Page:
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PENN BIOGRAPHIES

Emlyn Lamar Stewardson (1863 - 1936)

University Affiliation:
  • B.S. in Engineering 1884
  • Architect of Morgan Laboratory, University Museum, Quadrangle dormitories, Towne Building, Medical School, Veterinary School and Leidy Laboratories
Biographical Summary:
  • Philadelphia architect, member of the firm of Cope and Stewardson

 

Emlyn Lamar Stewardson was born in 1863 in Philadelphia, the son of Thomas and Margaret Haines Stewardson and the younger brother of architect John Stewardson. After being educated at Germantown Academy and St. Paul's School in New Hampshire, Emlyn Stewardson attended the University of Pennsylvania, graduating in 1884 with a degree in civil engineering. He worked for a few years as an engineer for a structural engineering capacity before joining his brother's architectural firm, Cope & Stewardson, in 1887.

At first the younger Stewardson handled contracts and engineering for the firm. After his brother's sudden death in 1896, Emlyn Stewardson became Walter Cope 's partner, handling business and engineering matters while Cope focused on design. After Cope's death in 1902, Stewardson continued the firm name as Cope & Stewardson until 1912, when he took on a new design partner, George B. Page, and changed the office name to Stewardson & Page.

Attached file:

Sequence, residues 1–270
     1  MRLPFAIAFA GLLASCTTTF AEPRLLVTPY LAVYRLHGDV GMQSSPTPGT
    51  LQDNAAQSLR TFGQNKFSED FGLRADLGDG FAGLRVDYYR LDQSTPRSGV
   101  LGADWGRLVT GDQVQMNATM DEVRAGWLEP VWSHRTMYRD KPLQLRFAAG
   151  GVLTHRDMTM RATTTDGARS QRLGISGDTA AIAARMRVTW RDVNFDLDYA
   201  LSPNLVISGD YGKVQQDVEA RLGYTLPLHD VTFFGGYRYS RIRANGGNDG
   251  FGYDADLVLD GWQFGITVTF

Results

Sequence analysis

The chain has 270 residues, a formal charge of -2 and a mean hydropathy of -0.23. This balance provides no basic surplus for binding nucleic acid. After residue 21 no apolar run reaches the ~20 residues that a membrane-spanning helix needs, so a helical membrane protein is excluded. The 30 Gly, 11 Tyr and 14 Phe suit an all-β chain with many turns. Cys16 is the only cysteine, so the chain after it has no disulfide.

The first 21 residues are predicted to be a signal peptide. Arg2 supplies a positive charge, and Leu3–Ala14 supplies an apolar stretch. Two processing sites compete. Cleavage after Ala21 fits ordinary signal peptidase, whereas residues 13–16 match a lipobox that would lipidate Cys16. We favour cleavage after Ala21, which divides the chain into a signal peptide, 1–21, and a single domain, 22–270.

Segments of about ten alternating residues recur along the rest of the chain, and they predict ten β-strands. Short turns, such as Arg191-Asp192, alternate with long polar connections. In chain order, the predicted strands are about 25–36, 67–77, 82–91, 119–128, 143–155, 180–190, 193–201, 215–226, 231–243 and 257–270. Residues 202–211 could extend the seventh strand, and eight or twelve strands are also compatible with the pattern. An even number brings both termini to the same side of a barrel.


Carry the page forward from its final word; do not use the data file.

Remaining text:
Emlyn Lamar Stewardson was affiliated with the Cope & Stewardson firm in one capacity or another when it designed these buildings on the University of Pennsylvania campus, most often in the English-Gothic style, but with some examples of Romanesque, Italian Renaissance or Georgian styles of architecture:

  • Morgan Laboratory of Physics (1892), also used as the School of Nursing and Music Building
  • University Museum (1893-1902, completed in 1926 with Frank Miles Day and Wilson Eyre)
  • Quadrangle dormitories (1895-1910)
  • Towne Building (1903)
  • Medical School (1904, 1928)
  • Veterinary School and Hospital (1906, 1912)
  • Zoological Laboratory (1910), now Leidy Laboratory of Biology

As a partner in Stewardson & Page he contributed to the building of Bennett Hall (1925) in the collegiate style.